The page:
Laxative Actions:
Elujoba, A., et al. “Chemical and biological analyses of Nigerian Cassia species for laxative activity.” J. Pharm. Biomed. Anal. 1989; 7(12): 1453–57.

Anti-inflammatory, Muscle Relaxant & Antispasmodic Actions:
Iriť-N'guessan, G., et al. "Tracheal relaxation of five Ivorian anti-asthmatic plants: role of epithelium and K^(+) channels in the effect of the aqueous-alcoholic extract of Dichrostachys cinerea root bark." J Ethnopharmacol. 2011 Nov 18;138(2):432-8.
Sreejith, G., et al. "Anti-allergic, anti-inflammatory and anti-lipidperoxidant effects of Cassia occidentalis Linn." Indian J Exp Biol. 2010 May;48(5):494-8.
Sadique, J., et al. “Biochemical modes of action of Cassia occidentalis and Cardiospermum halicacabum in inflammation.” J. Ethnopharmacol. 1987; 19(2): 201–12.
Feng, P., et al. “Pharmacological screening of some West Indian medicinal plants.” J. Pharm. Pharmacol. 1962; 14: 556–61.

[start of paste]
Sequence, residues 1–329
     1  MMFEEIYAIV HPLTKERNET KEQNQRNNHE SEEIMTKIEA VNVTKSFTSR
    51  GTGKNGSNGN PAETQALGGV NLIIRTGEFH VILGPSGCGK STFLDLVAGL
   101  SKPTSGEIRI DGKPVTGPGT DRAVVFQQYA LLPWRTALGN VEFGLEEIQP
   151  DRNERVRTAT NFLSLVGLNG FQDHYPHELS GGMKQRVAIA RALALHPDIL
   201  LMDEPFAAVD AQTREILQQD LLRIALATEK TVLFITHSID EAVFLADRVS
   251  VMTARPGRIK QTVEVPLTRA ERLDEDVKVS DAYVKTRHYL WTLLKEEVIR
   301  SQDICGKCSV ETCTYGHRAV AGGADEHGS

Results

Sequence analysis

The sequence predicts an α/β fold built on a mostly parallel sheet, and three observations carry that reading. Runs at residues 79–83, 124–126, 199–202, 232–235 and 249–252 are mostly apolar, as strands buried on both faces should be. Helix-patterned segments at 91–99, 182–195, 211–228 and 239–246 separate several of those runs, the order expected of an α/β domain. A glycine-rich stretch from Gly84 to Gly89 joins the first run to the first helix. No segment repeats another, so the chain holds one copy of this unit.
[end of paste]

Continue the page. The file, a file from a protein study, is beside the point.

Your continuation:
Antimalarial, Antiparasitic & Insecticidal Actions:
Panneerselvam, C., et al. "Adulticidal, repellent, and ovicidal properties of indigenous plant extracts against the malarial vector, Anopheles stephensi (Diptera: Culicidae)." Parasitol Res. 2012 Nov 29.
Kumar, S., et al. "Evaluation of 15 Local Plant Species as Larvicidal Agents Against an Indian Strain of Dengue Fever Mosquito, Aedes aegypti L. (Diptera: Culicidae)." Front Physiol. 2012;3:104.
Kundu, S., et al. "In vitro screening for cestocidal activity of three species of Cassia plants against the tapeworm Raillietina tetragona." J Helminthol. 2012 Mar 20:1-6.
Equale, T., et al. "In vitro anthelmintic activity of crude extracts of five medicinal plants against egg-hatching and larval development of Haemonchus contortus." J Ethnopharmacol. 2011 Sep 1;137(1):108-13.